This interview by Jon Bream ran in the Star-Trib on June 14, 2007. It’s not their web site anymore so I retrieved it via the Internet Archive Wayback Machine
Paul Westerberg may have injured his hand, but his sense of humor is still 100 percent.
Paul’s hand is dead.
That’s what many music fans thought when they’d heard that Paul Westerberg had punctured his left hand last fall with a screwdriver while messing around with some candle wax.
“I’m one-third of the way to being possibly 80 percent all better,” he said the other day.
Translation: Doctors say he will regain 80 percent use of his hand, but recovery will take 18 months. He’s about six months into the process.
Nonetheless, Westerberg will give his first public performance since the injury on Saturday in a two-song cameo at the Current’s “Fakebook” series featuring Laurie Lindeen, his wife, reading from her new memoir, “Petal Pusher: A Rock and Roll Cinderella Story.”I was toying with the idea of writing a song called ‘A Couple of Tunes’ so I could get away with just playing one,” Westerberg joked.
He urged fans not to come to the Fitzgerald Theater expecting a Westerberg performance. He’s merely going to be there to support his wife’s gig, or, as he put it: “I’m just sort of tagging along for the good time.” He doesn’t even know how it’s going to work.
Lindeen’s plan is to read passages from her book, and periodically a musician mentioned in the memoir will appear to play a song to complement her words. Among the scheduled guests are Mark Olson, Marc Perlman, Lori Barbero and Lindeen’s old band, the alt-pop trio Zuzu’s Petals. Mary Lucia, DJ at the Current (89.3 FM), will be the host. She also happens to be Westerberg’s younger sister. “Taking orders from my sister,” he said. “This could be interesting.” Then he burst into laughter.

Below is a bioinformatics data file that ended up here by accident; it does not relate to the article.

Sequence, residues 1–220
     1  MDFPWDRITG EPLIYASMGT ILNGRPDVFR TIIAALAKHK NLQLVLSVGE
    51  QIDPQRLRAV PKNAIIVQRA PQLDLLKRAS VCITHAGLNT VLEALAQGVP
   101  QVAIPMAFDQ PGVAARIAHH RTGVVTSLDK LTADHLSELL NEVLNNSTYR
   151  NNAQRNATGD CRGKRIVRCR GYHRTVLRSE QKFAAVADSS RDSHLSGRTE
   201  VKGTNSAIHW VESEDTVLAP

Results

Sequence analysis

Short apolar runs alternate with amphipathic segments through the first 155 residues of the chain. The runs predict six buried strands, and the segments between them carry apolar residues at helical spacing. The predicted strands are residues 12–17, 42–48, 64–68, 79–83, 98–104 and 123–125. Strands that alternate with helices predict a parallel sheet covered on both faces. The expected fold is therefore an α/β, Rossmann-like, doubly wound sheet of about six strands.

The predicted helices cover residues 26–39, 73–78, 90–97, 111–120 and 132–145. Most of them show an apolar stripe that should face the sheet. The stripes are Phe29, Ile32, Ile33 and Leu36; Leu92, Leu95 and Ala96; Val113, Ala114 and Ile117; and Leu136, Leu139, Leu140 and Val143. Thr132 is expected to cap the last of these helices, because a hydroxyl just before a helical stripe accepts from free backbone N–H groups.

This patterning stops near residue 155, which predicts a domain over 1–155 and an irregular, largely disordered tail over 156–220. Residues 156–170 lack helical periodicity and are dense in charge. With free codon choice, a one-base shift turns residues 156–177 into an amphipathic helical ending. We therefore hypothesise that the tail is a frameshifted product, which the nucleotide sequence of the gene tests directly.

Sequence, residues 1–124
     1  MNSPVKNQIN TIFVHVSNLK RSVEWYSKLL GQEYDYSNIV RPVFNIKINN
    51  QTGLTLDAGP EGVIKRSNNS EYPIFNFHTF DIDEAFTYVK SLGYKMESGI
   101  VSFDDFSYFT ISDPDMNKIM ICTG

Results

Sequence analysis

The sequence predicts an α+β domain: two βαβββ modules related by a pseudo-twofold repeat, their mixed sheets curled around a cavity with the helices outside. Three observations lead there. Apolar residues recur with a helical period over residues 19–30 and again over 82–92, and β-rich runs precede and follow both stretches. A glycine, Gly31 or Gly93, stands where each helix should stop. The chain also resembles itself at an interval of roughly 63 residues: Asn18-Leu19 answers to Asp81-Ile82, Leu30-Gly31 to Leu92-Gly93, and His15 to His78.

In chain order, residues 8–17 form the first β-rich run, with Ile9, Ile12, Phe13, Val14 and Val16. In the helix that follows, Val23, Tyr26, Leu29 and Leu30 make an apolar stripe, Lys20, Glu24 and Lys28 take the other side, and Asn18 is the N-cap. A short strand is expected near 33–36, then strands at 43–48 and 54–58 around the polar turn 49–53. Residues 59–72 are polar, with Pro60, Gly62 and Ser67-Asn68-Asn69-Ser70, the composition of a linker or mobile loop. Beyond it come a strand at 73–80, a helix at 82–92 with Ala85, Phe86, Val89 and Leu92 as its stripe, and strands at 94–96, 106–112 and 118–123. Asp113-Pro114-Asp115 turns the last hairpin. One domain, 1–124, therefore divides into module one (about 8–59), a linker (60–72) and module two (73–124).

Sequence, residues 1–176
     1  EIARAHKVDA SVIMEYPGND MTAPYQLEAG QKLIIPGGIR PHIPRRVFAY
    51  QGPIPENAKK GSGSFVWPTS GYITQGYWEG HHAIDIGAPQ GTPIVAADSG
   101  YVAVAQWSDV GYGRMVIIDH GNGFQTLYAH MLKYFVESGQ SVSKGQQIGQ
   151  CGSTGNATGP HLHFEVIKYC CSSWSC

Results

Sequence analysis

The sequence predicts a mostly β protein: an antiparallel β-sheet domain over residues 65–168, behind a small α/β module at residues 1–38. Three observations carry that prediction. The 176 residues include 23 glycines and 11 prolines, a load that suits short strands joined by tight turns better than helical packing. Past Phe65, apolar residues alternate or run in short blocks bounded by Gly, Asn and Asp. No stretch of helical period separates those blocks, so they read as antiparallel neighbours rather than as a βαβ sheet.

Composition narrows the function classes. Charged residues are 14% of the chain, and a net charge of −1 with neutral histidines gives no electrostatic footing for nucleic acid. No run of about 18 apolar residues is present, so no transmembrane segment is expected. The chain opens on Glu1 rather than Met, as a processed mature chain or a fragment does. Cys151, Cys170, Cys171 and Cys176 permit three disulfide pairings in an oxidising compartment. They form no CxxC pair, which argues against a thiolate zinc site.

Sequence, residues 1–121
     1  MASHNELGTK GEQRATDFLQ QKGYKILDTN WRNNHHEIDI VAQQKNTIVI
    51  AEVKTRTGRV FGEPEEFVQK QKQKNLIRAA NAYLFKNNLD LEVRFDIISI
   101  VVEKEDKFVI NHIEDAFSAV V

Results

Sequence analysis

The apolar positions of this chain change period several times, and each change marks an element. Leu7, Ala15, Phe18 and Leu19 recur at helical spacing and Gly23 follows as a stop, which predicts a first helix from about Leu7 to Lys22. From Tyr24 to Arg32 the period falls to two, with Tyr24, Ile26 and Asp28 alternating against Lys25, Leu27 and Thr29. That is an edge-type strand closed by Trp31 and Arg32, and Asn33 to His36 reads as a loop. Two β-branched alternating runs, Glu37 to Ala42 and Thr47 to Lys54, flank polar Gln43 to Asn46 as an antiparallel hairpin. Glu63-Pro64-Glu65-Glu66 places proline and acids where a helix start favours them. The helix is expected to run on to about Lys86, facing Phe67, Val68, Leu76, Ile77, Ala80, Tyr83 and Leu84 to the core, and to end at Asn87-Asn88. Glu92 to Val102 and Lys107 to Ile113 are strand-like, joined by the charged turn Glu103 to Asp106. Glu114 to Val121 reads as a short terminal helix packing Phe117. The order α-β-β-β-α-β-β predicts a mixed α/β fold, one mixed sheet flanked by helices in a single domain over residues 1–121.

Westerberg and Lindeen haven’t made much music together. He said they’ve jammed in the basement and “made a couple little records down there.” She said they’ve shared a stage only once, when she sang backup on one of his tunes.
As for his left hand, he suffered nerve damage in the webbed area between the ring and pinkie fingers.
“It still feels like I’ve got 12 pins in it. It feels like I have something in my hand and I want to put it down and I realize it’s my finger,” he said. “I cut an artery and severed 12 nerves. Half of the ring finger is numb and the other half is tingling like it’s growing back the nerves. It’s just another guitar player’s injury. I used to have swelling in the elbows from playing guitar.”
Because of the injury, Westerberg has modified his guitar style and sound. “Laurie has asked me: ‘What the hell kind of instrument were you playing downstairs?’ It was a guitar. She didn’t know if it was steel guitar or a slide or something else. I’m using different fingerings ’cause my finger doesn’t want to stretch.
“I was disappointed that I could actually play. I was excited by the notion that I may never play again. I thought that would be great and now I could learn the violin or flute. It was not to be.”
Despite his self-deprecating outlook, Westerberg, 47, admits that playing guitar is now work for him. “What was effortless and painless now is a little uncomfortable and takes a little effort. I won’t use this as an excuse. If anything, I’ll probably end up playing better than I used to.”
As for his recording career, the singer-songwriter recently sent 60 songs to his manager to try to figure out what to do with them. He said he’s had offers from Universal and Sony to start his own label, but he’s not interested.
“I’m busy learning how to play guitar,” he concluded. “It’s like I’m 15 again. It’s attached to my hip. I’m playing cleaner and my rhythm is better because I can’t do as much with my left hand